Figure 1: Magnetic resonance imagining T2-weighted axial slice. Cerebrospinal fluid filled cleft lined by gray mater extending from the subarachnoid space through the right parietal lobe communicating with the right lateral ventricle. The septum pellucidum is absent

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Figure 2: Magnetic resonance imagining T2-weighted coronal slices. Cerebrospinal fluid filled cleft lined by gray mater extending from the subarachnoid space through the right parietal lobe region communicating with the right lateral ventricle

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Figure 3: Magnetic resonance imagining T1-weighted sagittal slice. Image showing cerebrospinal fluid filled cleft lined by gray mater extending from the subarachnoid space of the right parietal lobe region communicating with the lateral ventricle

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  Discussion Top


Schizencephaly is structurally seen as gray matter lined cerebrospinal filled clefts that extend from the pial membrane to the ependymal surface. [1] Two types are documented. [12] Type I or closed lip where the walls of the clefts are opposed to each other and Type II where the walls are separated from each other. Type II is more common than Type I with 60% of unilateral schizencephaly being of the opened type. [13] The clefts could be bilateral or unilateral, symmetrical or asymmetrical. It can occur anywhere in the brain. It is, however, more common in the parietal and frontal lobes, especially in the region of the Sylvian fissure. [1] Our patient was presented with Type II unilateral schizencephaly with the walls of the right parietal lobe cleft being wide and separated from each other.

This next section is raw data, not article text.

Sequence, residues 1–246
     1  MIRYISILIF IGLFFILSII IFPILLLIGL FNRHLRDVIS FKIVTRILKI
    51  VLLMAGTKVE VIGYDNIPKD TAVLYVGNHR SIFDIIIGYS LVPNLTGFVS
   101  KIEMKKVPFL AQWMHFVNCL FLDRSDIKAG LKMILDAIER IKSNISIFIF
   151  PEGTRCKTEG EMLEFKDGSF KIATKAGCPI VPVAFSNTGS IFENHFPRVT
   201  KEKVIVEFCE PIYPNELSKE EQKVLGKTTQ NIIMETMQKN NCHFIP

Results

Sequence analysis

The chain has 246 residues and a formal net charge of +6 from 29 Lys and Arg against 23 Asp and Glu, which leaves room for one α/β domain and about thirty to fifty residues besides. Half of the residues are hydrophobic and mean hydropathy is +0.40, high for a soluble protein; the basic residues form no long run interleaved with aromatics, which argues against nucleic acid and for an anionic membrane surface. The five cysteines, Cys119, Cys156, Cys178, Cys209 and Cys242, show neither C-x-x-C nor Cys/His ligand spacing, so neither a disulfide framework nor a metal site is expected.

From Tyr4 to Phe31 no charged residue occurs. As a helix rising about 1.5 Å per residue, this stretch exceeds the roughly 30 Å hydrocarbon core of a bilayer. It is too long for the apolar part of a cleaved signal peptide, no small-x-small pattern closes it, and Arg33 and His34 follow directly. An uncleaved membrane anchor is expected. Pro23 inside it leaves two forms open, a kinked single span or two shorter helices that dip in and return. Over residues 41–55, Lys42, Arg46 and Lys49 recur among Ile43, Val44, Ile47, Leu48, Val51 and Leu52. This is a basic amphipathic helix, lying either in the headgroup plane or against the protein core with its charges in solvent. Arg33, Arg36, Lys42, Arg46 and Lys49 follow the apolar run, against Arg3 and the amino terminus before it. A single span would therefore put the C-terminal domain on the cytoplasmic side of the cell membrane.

Schizencephaly is often associated with other congenital abnormalities in 50-90% of cases [9] such as agenesis of the septum pellucidum and corpus callosum, polymicrogyria (an excessive number of small, partly fused gyri), pachygyria (unusually thick convolutions of the cerebral cortex), heterotopias (ectopic gray matter), septo optic dysplasia, and optic nerve hypoplasia. This patient presented with an absent septum pellucidum in addition to the open lipped parietal cleft.

Presentation and outcome are variable [8],[10] with the severity of symptoms depending on the amount of brain tissue affected. Common presenting features are seizures, hemiparesis mental retardation, delayed milestones, and motor defects. [8] Patients with Type I are often almost normal; they may have seizures and spasticity. [10] In Type II abnormalities, there is usually mental retardation, seizures, hypotonia, spasticity, inability to walk or speak, and blindness. [10] This patient presented with seizures weakness of the lower limbs and delayed developmental milestones. He could not walk at 18 months. These are in keeping with the features found in Type II schizencephaly.